“Persistent nudges of grace guiding the inward journey to gratitude and freedom.”

The Edwards family welcomed their first born, Marlene, on January 2, 1933 in Madison, Wisconsin. Her mother, Loretta Gill, came from a large Irish-Catholic family descended from John Gill, a 17th century settler in Maine. William Henry Edwards, Marlene’s father, was a member of the Army Reserve Corps which necessitated eight moves by the time Marlene was in eighth grade.

In spite of all these moves, Marlene’s mother made sure she attended Catholic schools wherever they were located: Muskegon, Michigan; Atlanta, Georgia; and Madison, Wisconsin. Until the age of fourteen, when her sister was born, Marlene as an only child became, in her own words, “independent, responsible, self-willed, and socially inept.”

Marlene first considered religious life when she was a fourth grader. Her mother’s extended family included a Dominican aunt, a first cousin who was a monsignor, and other cousins who were Jesuits. Marlene attended high school at St. Mary, Muskegon, where her teachers were Grand Rapids Dominicans. At the age of 17 she joined the Dominican Sisters at Marywood.

The prayer schedule in religious life was a challenge for Sister Marlene. In her own words: “I am a night person and do not function at all well in the early morning. I came to rely heavily on my own ideas and developed skills at getting my own way.” After Vatican II, the prayer schedule changed, lending itself more amenable for Marlene’s rhythm. Over time she became aware of how much God loved her even when she did not know it.

After her first profession in 1952, Sister Marlene began a long career of service in Catholic schools and parishes as a teacher, principal, pastoral team member, and director of religious education at Blessed Sacrament, St. Thomas and St. Peter & Paul, Grand Rapids; St. Mary, Hannah; St. Joseph and Catholic Central, Muskegon; St. Francis, Traverse City; Holy Cross, Santa Cruz; St. Mary, Kingsley; Holy Trinity, Alpine; St. Alfred, Taylor; Holy Rosary, Bay City; St. Michael, Pinconning; St. John, Albion; and Our Lady of Perpetual Help, Chesaning.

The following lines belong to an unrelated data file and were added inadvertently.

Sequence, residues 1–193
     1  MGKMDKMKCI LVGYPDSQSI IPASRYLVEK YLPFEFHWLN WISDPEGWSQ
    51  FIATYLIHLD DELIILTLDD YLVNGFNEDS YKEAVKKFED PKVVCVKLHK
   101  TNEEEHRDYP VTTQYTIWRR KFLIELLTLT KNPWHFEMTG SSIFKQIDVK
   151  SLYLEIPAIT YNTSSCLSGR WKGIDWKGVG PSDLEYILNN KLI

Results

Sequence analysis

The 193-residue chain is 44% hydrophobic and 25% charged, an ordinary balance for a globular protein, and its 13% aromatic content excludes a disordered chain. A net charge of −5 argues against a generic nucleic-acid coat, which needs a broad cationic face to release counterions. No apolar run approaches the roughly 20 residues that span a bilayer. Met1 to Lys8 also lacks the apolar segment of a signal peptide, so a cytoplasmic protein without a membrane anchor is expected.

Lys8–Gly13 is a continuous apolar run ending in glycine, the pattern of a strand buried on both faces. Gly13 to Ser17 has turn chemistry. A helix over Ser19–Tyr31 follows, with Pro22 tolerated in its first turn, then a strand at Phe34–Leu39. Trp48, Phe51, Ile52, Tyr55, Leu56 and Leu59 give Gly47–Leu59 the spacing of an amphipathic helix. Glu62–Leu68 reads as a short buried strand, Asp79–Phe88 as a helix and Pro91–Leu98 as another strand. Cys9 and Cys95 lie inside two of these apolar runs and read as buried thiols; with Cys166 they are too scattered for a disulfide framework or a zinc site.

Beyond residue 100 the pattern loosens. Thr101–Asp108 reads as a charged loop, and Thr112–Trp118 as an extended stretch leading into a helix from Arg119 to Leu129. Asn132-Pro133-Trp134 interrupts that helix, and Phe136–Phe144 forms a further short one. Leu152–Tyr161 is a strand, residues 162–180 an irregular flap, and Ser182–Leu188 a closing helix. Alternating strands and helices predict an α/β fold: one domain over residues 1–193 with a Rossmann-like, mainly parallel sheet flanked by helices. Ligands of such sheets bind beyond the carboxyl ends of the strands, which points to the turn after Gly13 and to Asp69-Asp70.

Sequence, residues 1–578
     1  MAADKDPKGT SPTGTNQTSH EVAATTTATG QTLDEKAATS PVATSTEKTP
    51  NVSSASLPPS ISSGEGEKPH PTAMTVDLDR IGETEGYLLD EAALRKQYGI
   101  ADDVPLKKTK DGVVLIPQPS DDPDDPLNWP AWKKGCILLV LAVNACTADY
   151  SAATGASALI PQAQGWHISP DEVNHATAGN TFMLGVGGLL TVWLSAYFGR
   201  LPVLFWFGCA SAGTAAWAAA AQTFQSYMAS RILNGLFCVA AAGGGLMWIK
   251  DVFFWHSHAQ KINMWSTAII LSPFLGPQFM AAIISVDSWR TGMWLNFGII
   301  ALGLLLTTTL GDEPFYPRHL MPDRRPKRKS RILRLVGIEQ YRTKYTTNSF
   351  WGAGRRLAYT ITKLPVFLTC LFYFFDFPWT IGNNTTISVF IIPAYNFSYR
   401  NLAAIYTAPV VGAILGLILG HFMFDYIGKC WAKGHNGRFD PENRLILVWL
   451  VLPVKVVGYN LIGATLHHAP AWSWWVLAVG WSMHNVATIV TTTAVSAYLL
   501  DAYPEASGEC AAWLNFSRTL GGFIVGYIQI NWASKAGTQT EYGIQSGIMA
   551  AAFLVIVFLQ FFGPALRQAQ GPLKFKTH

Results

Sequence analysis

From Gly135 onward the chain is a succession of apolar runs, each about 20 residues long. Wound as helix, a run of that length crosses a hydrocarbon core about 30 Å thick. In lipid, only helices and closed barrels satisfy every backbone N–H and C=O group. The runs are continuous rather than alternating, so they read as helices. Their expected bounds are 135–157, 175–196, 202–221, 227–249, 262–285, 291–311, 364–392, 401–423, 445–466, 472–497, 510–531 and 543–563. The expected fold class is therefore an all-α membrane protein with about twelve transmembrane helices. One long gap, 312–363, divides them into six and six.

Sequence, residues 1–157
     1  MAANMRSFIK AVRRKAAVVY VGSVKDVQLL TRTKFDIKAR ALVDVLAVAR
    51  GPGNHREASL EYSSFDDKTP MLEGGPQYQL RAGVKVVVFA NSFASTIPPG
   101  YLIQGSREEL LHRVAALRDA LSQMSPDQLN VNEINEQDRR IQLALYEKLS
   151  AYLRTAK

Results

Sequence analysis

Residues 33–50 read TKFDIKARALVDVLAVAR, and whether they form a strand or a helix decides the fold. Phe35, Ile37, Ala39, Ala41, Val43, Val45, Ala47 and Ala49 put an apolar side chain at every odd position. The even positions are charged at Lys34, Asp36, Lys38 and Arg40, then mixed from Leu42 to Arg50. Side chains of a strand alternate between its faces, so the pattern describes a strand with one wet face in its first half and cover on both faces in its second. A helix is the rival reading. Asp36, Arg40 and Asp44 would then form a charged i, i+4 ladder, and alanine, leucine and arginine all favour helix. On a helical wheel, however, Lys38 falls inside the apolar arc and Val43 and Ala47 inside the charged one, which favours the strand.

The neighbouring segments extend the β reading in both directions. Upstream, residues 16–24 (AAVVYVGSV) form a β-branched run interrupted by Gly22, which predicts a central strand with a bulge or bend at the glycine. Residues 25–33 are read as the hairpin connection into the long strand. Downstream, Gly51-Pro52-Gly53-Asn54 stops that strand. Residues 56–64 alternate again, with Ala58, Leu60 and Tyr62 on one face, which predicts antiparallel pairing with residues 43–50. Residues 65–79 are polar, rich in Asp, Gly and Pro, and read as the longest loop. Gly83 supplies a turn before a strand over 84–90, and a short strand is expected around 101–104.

Sister Marlene received a B.A. and M.A. in Religious Education from Aquinas College and an M.A. in Elementary Administration from Central Michigan University.

In a reflection, Sister Marlene related a pivotal moment in her life. “In 1970 I accidentally signed up for a Charismatic Retreat at our motherhouse. (God’s ‘accidents’ have been good for me!) My prayer life opened up and I learned to praise, to focus, to discern, and to listen.” Later, at the age of 62, she met a spiritual director who helped her know the gift of God’s love, mercy, compassion, and healing. “My heart has changed. I am less of a head person and more of a heart person now. . . I hunger for a deeper relationship with my Lord.”

Sister Marlene was able to help care for her aging mother, who had moved to her sister’s home in Texas, and both daughters were present when their mother died, soon after Christmas in 1996. This period with her mother was a great blessing for Sister Marlene as it gave her time to reflect on the events of her early life at home.

Sister Marlene enjoyed a sabbatical year for study and personal growth in 1999. She designed a year of renewal through travel, prayer, holistic health, educational opportunities, and service. Through this year and subsequent retreat opportunities, she grew in self-knowledge, awareness, and a deeper prayer life.

After retiring from full-time ministry, Sister Marlene resided at Marywood, where she assisted the house administrator and coordinated religious education at St. Dominic Parish. She also served as spiritual director and referral coordinator for Dominican Center at Marywood, and for several years was a member of the Common Life Team.

Sister Marlene enjoyed travel, reading, and sewing. She was a fine artist and writer. She enjoyed science and cooking as well.

At the time of her golden jubilee (2001) she wrote: “Celebrate with me the many graces and blessings that God has bestowed on me. My Sisters, family, my friends, know that you have been, and are, the greatest gift of all. As my life journey continues you give me hope. Be assured that my gratitude continues.”

Sr. Marlene is survived by her sister Cheryl (James) Burzynski; nephews, many friends and members of her Dominican Community.